Written by Ronald Scaglia Friday, 16 November 2012 00:00
However, this year’s elections will be more remembered for the circumstances under which they were held. With Hurricane Sandy having hit the island the week prior to Election Day, many residents were dealing with the power outages, or the outright destruction of their homes by the storm. Those who were elected did not express tremendous joy at their victories as concern for the victims of the hurricane took precedence.
“Due to the circumstances, the election was very secondary to my life,” remarked Assemblyman Tom McKevitt, whose assembly district will now consist of a significant portion of Massapequa. “It was the most surreal election night I ever went through. It’s a time when politics ended and you’re just focusing on helping people.”
McKevitt received 57.32 percent of the vote in defeating challenger Kevin Brady. He thanked residents of Massapequa for the huge support he received in the area and added that he is looking forward to “a great relationship for many years to come,” with residents of Massapequa.
“My heart goes out to everyone’s family who has been affected by this horrible storm,” said Joseph Saladino who will be returning to the New York State Assembly. “I have visited homes of many of my constituents in Nassau and Suffolk counties and have seen tremendous damage from flooding, fires, and the tidal surge.”
Saladino will now represent the 9th Assembly District, which in addition to parts of south Massapequa and Massapequa Park, also includes eastern Lindenhurst, West Babylon, Babylon Village, West Islip, western Bay Shore and Brightwaters. He expressed appreciation to the electorate and vowed to work hard to serve the needs of the communities. Saladino received almost 75 percent of the votes cast in Nassau County and almost 65 percent of votes from Suffolk.
“The focus was more on helping people out than it was on winning an election,” said Michael Venditto, who won a special election to fill the unexpired term of Peter Schmitt. Venditto received 65.4 percent of the vote in defeating Joanne Maglione to complete the term of Schmitt, who passed away last month. Venditto said, “I’m going to roll up my sleeves right away to try and help the residents of the 12th Legislative District and the county.”
Congressman Peter King will continue to represent the Massapequas, although now he represents the 2nd Congressional District instead of the 3rd. With new district lines formed because of the 2010 census, King’s district now encompasses the Massapequas, as well as a significant part of Suffolk’s south shore. King relied on heavy support in the Massapequas to propel him to another term. In Nassau, King received 71.58 percent of votes cast, while receiving 53.22 percent of Suffolk votes, in defeating Democratic challenger Vivianne Falcone.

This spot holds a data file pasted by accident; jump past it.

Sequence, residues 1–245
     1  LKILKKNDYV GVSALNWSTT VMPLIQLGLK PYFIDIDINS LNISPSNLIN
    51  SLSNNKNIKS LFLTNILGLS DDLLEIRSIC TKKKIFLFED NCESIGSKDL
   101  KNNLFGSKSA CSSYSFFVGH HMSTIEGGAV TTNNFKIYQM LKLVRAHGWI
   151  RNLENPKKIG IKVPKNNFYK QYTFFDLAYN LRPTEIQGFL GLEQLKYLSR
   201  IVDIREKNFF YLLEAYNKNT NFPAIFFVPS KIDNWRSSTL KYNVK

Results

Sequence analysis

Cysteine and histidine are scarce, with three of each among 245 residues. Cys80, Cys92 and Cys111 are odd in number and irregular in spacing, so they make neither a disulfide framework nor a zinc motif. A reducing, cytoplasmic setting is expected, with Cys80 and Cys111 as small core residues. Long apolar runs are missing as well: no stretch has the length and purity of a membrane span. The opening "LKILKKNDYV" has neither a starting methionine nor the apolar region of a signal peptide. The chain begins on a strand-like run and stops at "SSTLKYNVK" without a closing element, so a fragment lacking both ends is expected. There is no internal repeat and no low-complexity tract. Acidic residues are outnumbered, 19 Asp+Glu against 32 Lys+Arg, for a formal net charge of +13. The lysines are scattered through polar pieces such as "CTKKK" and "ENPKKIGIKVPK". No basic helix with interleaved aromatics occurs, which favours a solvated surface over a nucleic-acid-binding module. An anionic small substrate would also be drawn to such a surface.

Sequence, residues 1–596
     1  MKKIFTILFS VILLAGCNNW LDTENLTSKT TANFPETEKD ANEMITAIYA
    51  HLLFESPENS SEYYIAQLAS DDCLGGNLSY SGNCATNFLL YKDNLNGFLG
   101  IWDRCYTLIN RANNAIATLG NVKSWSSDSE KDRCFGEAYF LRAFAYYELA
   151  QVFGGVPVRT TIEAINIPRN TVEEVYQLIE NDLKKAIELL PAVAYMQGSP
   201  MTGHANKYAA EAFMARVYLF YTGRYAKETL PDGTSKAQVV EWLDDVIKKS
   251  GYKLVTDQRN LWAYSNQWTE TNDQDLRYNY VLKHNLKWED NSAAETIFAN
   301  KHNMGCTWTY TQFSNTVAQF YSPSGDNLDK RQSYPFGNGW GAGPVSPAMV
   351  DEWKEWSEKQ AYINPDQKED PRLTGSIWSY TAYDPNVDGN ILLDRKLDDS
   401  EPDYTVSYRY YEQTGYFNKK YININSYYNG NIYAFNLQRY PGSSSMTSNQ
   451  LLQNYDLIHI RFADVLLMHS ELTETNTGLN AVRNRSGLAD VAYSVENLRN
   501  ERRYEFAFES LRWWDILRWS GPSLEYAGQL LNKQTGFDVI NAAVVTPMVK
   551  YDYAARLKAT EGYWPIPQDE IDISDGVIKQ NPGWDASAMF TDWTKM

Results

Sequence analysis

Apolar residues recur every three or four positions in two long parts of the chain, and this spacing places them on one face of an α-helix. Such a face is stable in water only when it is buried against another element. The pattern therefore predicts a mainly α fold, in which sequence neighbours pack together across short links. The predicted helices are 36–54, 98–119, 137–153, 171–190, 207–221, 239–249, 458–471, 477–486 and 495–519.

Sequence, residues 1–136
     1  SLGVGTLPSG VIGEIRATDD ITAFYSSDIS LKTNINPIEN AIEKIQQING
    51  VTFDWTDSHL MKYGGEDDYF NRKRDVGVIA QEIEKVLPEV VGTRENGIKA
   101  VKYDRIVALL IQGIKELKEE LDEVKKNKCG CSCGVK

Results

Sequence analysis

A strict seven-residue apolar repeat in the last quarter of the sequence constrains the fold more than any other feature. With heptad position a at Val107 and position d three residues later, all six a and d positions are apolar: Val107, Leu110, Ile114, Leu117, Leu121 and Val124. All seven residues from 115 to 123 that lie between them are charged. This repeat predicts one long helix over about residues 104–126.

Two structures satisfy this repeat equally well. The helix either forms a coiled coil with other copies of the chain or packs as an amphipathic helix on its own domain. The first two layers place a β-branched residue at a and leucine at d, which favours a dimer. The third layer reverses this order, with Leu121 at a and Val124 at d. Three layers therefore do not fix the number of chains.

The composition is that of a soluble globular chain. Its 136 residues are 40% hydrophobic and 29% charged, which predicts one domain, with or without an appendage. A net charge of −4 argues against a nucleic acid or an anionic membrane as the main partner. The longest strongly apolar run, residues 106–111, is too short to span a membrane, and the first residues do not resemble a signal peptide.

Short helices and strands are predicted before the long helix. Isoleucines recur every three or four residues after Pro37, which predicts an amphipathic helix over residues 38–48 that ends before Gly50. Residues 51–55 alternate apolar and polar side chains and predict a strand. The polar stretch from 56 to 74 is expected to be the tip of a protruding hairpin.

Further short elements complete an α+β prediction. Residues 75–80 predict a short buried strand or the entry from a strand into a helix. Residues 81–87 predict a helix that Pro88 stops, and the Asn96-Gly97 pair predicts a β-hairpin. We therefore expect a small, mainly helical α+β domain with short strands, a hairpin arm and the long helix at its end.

“They (Massapequa and Massapequa Park voters) always give me a good vote and I really appreciate the tremendous vote that I got on Election Day,” said King. “I promise I will continue to fight in Congress for them and the values they stand for.”
King said in the short term, his immediate goal is to work to get as much federal assistance as possible to help the region recover from the devastating storm. After that difficult task is addressed, King said his long-term plans include addressing issues such as Homeland Security and the Long Island Rail Road, and making sure that the region gets the funding that is needed.
Both incumbent state senators from the region, Kemp Hannon and Charles Fuschillo were reelected. Fuschillo, who received 61.75 percent of the vote in defeating his challenger, Carol Gordon, thanked his supporters..
“I’m very pleased with the overwhelming support that I have received in the Massapequa community,” remarked Fuschillo. “New York State has to continue moving in the direction of less spending and less taxes and that should be the continued priority as we go forward.”
Fuschillo also expressed disappointment at the Long Island Power Authority’s response to the storm. He said the power authority’s preparation and communication has been a failure, especially considering that they knew the powerful storm was on its way.
Senator Kemp Hannon also was re-elected, receiving 52.37 of the vote. Hannon also spoke more about the storm, than of his victory. He personally had been without power for more than a week. He said both he and his office members who have been working tirelessly to assist residents in desperate need, and he harshly criticized LIPA for its response. He said one of his immediate goals would be to help the region recover from the devastation of the storm. Following these remarks, he took a moment to speak about his victory.
“Every two years I put myself before the people with a program of what I want to do and I report what I’ve done in the last two years,” said Hannon. “The job is challenging. Obviously, I relish the challenge and I want to solve the problems that are there.”
Hannon said that after the devastation of the storm is addressed, creating jobs, lowering taxes, strengthening the economy and addressing the challenges of implementing the federal health care program all need to be dealt with.